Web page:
Saturday, September 19, 2009

What if Marshall McLuhan was alive and on Twitter?

Marshall's Diary Sept 19 2009

Dear Diary:

If anyone had really bothered to read any of my books and paid attention they'd know that so-called “social media” is (a) a disagreeable tautology and (b) my invention.

Just today I came across a new example of said social media, hideously described as a “new invention” (tautology!) and named, in typical twee fashion, Twitter. The chattering classes are now the twittering classes, and everyone is aflutter about how this is revolutionizing the way we communicate.

Reluctantly, I need to join the flock. I need to make it plain that if it wasn't for my genius, foresight and erudition we'd all still be licking stamps and twiddling the rabbit-ears on the tops of our television sets, or something like that. I'm the Global Village Guy, goddammit!

My start with Twitter was not auspicious. When I tried to register as “Marshall McLuhan” I discovered that a namesake had already taken my identity, complete with my photograph (not too bad, actually). The impostor has the gall to be quoting me as me (tautology?). I took this as a considerable affront, especially since some of the material wasn't exactly in context, if there is any context to be “in” on the Internet (Note to self: Is there a book in this idea? Maybe the OuterNet???).

I tried reaching the owners of Twitter to no avail (employees of Twitter are Twits, I presume, har-har). I later found out that when it comes to having an identity crisis I'm in very good company: also on Twitter is Albert Einstein (rambling), Charles Darwin (literally rambling, he seems to have restarted his journey on The Beagle), and even by good pal Marty Heidegger (who pretty much out-rambles anyone I know).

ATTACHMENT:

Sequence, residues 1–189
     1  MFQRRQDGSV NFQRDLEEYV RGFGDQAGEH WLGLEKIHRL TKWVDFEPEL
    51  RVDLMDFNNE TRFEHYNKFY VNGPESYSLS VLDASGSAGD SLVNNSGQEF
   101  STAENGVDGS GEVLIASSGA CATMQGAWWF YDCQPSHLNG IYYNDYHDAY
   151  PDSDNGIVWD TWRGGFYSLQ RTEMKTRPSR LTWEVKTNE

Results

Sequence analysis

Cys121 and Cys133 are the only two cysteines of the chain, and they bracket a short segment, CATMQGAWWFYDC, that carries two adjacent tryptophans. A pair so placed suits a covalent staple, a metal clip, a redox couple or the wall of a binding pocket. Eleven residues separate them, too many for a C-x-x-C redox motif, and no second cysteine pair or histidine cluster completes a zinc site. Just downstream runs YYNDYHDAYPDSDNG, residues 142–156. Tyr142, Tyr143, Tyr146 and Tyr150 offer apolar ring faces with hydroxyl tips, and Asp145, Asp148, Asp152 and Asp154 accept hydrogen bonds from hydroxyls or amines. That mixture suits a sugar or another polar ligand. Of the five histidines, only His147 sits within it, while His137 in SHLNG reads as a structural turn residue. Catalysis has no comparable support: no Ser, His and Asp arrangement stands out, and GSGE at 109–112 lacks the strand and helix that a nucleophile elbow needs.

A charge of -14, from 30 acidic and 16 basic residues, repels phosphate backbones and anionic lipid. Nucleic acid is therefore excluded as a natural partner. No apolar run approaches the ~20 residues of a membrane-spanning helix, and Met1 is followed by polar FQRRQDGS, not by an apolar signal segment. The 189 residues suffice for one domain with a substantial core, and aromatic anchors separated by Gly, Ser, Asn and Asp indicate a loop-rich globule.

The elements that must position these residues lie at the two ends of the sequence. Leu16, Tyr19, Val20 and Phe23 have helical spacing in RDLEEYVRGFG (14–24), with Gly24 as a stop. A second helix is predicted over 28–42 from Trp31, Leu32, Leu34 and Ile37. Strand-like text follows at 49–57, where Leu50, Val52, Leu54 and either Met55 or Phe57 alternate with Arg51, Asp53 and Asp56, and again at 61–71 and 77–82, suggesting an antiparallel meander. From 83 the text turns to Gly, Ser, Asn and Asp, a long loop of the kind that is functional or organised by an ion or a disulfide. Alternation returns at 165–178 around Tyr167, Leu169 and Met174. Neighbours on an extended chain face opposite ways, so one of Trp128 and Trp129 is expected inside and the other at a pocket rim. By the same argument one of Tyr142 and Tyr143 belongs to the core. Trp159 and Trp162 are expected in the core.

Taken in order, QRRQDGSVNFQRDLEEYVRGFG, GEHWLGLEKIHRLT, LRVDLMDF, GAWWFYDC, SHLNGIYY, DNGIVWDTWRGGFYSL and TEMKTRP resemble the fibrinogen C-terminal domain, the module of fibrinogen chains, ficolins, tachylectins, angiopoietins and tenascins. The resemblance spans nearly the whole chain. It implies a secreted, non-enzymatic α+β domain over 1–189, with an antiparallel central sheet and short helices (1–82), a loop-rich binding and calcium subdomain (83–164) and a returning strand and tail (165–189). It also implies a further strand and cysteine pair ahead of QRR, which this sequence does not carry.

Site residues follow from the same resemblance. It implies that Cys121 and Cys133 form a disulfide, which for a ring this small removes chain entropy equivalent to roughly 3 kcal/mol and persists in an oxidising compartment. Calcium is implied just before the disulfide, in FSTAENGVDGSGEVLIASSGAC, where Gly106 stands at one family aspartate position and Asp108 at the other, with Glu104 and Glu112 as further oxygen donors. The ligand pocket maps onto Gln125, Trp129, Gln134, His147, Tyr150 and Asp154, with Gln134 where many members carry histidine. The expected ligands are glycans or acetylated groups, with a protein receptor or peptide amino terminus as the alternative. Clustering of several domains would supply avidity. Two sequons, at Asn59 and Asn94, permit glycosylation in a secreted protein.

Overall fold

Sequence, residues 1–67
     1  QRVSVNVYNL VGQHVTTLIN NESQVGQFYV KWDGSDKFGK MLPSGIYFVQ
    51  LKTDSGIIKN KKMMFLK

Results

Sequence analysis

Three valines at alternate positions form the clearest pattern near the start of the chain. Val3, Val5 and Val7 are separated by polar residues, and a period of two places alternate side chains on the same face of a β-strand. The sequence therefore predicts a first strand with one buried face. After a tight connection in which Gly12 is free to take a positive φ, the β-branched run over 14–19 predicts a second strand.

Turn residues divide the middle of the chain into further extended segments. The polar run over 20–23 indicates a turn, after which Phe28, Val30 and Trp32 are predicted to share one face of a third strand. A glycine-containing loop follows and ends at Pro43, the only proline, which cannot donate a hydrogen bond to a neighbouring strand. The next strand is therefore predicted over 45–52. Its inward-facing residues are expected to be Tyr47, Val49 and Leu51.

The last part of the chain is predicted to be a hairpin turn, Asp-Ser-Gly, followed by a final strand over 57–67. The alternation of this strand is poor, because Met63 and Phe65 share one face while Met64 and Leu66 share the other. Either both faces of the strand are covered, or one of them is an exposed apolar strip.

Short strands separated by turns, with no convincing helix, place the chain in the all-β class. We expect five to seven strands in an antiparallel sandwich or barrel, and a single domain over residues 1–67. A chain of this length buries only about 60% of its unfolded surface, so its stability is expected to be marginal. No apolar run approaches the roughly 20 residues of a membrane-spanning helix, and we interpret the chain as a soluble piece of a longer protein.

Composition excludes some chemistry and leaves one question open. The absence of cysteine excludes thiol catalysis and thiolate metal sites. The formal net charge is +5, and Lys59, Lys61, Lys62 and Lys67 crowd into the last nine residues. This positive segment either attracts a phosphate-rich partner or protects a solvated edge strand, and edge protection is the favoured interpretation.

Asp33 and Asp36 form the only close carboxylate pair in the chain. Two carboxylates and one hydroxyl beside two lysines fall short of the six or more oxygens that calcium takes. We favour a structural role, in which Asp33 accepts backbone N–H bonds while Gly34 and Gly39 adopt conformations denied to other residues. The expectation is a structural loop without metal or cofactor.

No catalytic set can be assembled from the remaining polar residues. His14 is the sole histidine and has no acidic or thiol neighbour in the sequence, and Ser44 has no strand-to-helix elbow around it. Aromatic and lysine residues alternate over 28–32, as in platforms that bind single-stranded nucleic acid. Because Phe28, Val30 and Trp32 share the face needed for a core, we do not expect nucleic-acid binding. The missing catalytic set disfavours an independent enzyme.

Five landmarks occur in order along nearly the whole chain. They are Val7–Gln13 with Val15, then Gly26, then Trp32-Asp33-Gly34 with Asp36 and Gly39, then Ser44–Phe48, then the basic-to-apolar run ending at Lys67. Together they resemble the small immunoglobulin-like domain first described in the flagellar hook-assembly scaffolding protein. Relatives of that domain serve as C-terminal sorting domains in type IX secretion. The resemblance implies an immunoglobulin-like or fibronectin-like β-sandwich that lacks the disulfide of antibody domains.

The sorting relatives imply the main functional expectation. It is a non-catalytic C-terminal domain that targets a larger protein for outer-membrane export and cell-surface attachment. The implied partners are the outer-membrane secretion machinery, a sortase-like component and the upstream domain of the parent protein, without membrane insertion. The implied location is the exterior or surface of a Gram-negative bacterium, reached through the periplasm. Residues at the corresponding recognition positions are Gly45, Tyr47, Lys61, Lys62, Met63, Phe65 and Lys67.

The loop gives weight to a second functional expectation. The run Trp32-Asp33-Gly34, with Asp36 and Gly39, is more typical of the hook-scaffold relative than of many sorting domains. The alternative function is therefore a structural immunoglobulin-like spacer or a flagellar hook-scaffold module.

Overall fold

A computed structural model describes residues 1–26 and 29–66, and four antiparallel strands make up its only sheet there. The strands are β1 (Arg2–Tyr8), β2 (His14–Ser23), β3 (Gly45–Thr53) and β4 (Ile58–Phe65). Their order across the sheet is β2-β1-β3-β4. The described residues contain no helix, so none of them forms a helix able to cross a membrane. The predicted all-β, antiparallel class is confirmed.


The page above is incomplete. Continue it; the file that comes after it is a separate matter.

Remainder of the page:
Anyway, after extensive clicking I discovered I was relegated to “MarshallMcLuhan2,” which is humiliating to say the very least. Now that I think about it, this Global Village thingy has a way of humbling you. All the world is within my reach and I feel as small as an ant.

But now to work. I need to regain myself. And most important, I have to set the record straight on why I nailed the whole social media thingy way back in 1960-something, before even The Beatles and when computers ran on rolls of paper just like my dear mother's Player Piano, and when newspapers actually made money. But I digress....

I thought a pithy first post might be this little zinger:

MarhsallMcLuhan2: In Tetrad form, the artifact is seen to be not neutral or passive, but an active logos or utterance of the human mind or body that transforms the user and his ground.


Captures the whole idea nicely I think. Not too obvious, straightforward or dare I say it, even intelligible to anyone who hasn't pondered my opus for some considerable time. Then this happened:

MarshallMcLuhan2: In Tetrad form, the artifact is seen to be not neutral or passive, but an active logos or utterance of the human mind or body that transforms...


Turns out, Twitter assumes we all have an attention span of the average newt and limits posts to a meager 140 characters. A Dickens novel has more than 140 characters! “Existential angst” has 16 characters alone!

Crap. Ah, to hell with it:

MarshallMcLuhan2: The medium is the message.

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"When things come at you very fast, naturally you lose touch with yourself. Anybody moving into a new world loses identity...So loss of identity is something that happens in rapid change. But everybody at the speed of light tends to become a nobody. This is what's called the masked man. The masked man has no identity. He is so deeply involved in other people that he doesn't have any personal identity."
-- The real McLuhan, quoted in Forward Through The Rearview Mirror

4 comments:

Erik said...

I think you are an agreeable tautology. Very Zen.

Ian Bruce said...

Thanks Erik.

Heresiarch said...

I rescued from cassette this talk that Marshall McLuhan gave at Johns Hopkins University in the mid 1970s. I have not found an audio file of this talk anywhere online. So far as I know it's an original contribution to the archive of McLuhan audio. Enjoy. Rare McLuhan Audio

Ian Bruce said...

Heresiarch, thanks for the great audio and sorry for the very late response. I keep remembering McLuhan on Woody Allen's Annie Hall, and wondering what he would make of the modern media world.